I participate in an online survey program–I like to give my opinion, and I like giving my opinion more so when I am compensated for it. I was sent a survey asking me to watch an episode of a new television program, and for watching it and answering some questions about it, I would be paid ten dollars. Ten dollars!? To watch TV? I’m in!
The show was called “Smothered”, about two sets of grandparents battling over who gets to spend the most time with their granddaughter. As the laugh track chimed in over a joke so stale a decade-old Saltine would be more palatable, I suddenly realized this ten dollars would be very hard-earned. “Very” may not have been an appropriate word. “Excruciatingly” strikes a bit closer to the mark. The show opens on Gillian and Zack, a married couple who have recently had a daughter. Gillian does not seem particularly interested in either her daughter or Zack, and Zack is portrayed as an effeminate, ineffective parent who calls his wife “dude”. (This pronouncement was met with riotous laughter from the no-doubt canned audience.) Gillian’s parents are introduced as down-home good-old Christian country folk, and Zack’s parents are portrayed as upper-crust Jewish socialites who think nothing of long vacations in France. Oh ho ho, everyone! Look, it’s an odd couple! This has never been done before in the history of television! Neither set of grandparents seems to particularly like their own children, but fight over time with the granddaughter, who is essentially ballast. Emotion and personality-free, she could be anything–a doll, a purebred puppy, or even a particularly nice rock. She is a prop intended to demonstrate just how zany and wacky the adults around her are, one set of which sneaks her off to a church to have her christened against her parents’ wishes, and the other set of which had a secret Jewish baby-naming ceremony. There is also a dull sister named Susie who solely exists as a point of universal loathing by all family members. It’s all about scoring points in an attempt to hurt the other set of grandparents, and all of this would be just fine if only it were funny. I can laugh at mean jokes with the best of them, but there was only one joke in the entire episode which made me laugh aloud, an offhand line about serving pork on a Jewish holiday and calling it “Hamukkah”. The rest of the jokes drew rolled eyes and groans, and even an amount of writhing in my seat like a small child, desperately wanting it all to be over so I could get to the survey portion and unleash the seething hatred building within me toward everyone involved in the production of this show. And lo, how my hatred flowed. I hated the music. I hated the characters. I hated the plot. I found them all unrealistic and unrelatable. (There was no option for “I hoped a plane would crash into the set.”) Had I found myself in their unenviable situation, I would have crammed the child back into myself and started phoning around for abortion deals.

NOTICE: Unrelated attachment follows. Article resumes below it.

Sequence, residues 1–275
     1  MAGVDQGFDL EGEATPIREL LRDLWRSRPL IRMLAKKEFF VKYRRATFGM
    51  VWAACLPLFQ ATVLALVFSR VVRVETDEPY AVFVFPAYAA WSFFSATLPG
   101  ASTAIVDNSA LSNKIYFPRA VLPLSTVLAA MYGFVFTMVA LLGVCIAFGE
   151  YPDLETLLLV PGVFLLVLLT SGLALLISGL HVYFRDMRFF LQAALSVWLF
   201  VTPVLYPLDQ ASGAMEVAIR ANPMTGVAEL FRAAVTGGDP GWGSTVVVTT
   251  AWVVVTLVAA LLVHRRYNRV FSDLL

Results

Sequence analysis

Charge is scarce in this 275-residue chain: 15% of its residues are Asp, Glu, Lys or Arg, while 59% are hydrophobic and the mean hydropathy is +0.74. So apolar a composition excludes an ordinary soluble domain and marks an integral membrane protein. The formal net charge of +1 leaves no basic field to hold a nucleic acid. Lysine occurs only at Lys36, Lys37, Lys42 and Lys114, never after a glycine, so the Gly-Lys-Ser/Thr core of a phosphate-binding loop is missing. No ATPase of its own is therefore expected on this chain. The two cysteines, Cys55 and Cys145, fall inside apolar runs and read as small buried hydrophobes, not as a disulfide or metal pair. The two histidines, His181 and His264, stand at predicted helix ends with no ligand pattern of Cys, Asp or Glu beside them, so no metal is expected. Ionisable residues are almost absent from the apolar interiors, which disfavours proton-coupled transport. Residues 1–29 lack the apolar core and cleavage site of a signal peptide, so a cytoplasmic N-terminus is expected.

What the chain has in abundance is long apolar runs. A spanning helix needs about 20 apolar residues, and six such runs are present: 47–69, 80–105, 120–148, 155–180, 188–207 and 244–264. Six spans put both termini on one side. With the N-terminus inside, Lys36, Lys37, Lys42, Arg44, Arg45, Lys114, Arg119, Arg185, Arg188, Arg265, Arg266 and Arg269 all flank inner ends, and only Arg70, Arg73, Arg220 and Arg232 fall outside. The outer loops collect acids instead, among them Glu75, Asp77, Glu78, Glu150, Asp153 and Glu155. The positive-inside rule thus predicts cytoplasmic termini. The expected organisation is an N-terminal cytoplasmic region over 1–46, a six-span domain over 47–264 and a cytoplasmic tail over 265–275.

And after all this, my time spent watching the show, and my time answering questions about which characters I might like to see more of (none) and which characters I might like to see less of (all), I was informed that the number of survey participants had been reached already and I would not be receiving my ten dollars.
I want my ten dollars. I paid, cast of Smothered. Oh, how I paid.
Your bill is in the mail.
Recently, Comcast upgraded the lines in the area to fiber optic. To celebrate this momentous occasion, I added a phone line I’ll never use and a buttload of TV channels and somehow will save $30 a month. In surveying this new kingdom of channels on a lazy Sunday afternoon, I happened upon one of the best and worst and saddest things I have ever seen in my life: Bridalplasty.
The premise of Bridalplasty is simple, yet mind-boggling: a group of brides-to-be live in a home together to compete to win the perfect wedding…and also to win plastic surgeries off their wish list in order to become perfect themselves. You heard me. This right here is why other countries hate the United States. Just saying.
This is how E! describes it:
Each week, a group of women competes head-to-head in such challenges as writing wedding vows and planning honeymoons. The winner receives the chance to choose a plastic surgery procedure from her “wish list.” She’s given the procedure immediately, and results are shown at the start of the following week’s episode.